Japan War Crimes: Not Simply A Matter of Apologizing

shinzo abeThis upcoming weekend will be a day of remembrance, with August 15, 2015 marking the 70th anniversary of the end of World War II, also known as V-J Day, or Victory over Japan Day. The war ended with Japan’s surrender, ending the destructive war that began on 1939. Without a doubt, this weekend will conjure up emotions for many as it still does today, especially for the war’s survivors. In fact, recently during an Anti-Japan protest in Seoul in front of the Japanese Embassy, an 80-year-old South Korean man lit himself on fire. South Korea, which was a Japanese colony from 1910 to 1945, holds animosity toward Japan, not just over the issue of colonization but particularly over the issue regarding comfort women, feeling that the Japanese government has not made a sufficient apology. Similarly, China also holds such feelings toward Japan, with many of their women and girls having been forced into sexual servitude by the Japanese military. As a result, Japan’s relationship with its neighboring countries is shaky, to say the least, and it is because of this animosity that prevents Japan from moving on from the past. In order to heal the relationship with its neighboring countries, Japan’s only option is to apologize, a chance which was offered very recently.

To observe the anniversary of the war’s conclusion, Japanese Prime Minister Shinzo Abe was expected to give statements of grief and remorse.  Prime Minister Abe expressed such grief in his speech, repeating the apologies made by his predecessors; however, it is noted that he did not include new apologies of his own. Instead, his language was observed to be “broad and less personal,” including statements that appeared to cast Japan in a less grave light, which casts doubt as to whether Japan is truly sorry for its transgressions. This is nothing new, as doubt has been raised throughout the years about Japan’s so-called remorse over its actions. While a sincere apology is in order, it appears that more than an apology will be needed if Japan hopes to move forward and resolve the issues surrounding the comfort women.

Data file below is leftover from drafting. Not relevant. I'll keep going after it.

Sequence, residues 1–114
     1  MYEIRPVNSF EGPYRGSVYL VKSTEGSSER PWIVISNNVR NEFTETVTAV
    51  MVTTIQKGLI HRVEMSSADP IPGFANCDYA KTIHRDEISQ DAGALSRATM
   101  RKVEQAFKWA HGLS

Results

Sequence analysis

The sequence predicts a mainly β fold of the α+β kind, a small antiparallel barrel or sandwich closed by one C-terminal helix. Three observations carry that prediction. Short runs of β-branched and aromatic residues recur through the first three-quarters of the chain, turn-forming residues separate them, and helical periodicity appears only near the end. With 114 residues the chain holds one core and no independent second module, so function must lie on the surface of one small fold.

The comfort women were those forced into sexual slavery by the Imperial Japanese Army during WWII. Many women and girls were coerced into sexual servitude during this time and were used to provide “comfort” to the soldiers. Though this figure is widely contested, scholars estimate that up to 200,000 women and girls were made into comfort women, with many being abducted from their homes. Very few of these comfort women survive today. In fact, according to the South Korean government registry, there are 47 South Korean former comfort women alive today. Though these figures are dwindling, the number of those demanding an apology from the Japanese government is not. Since 1992, rallies have been held in front of the Japanese Embassy in Seoul every Wednesday in support of the former comfort women who seek an apology for the crimes committed against them during the war.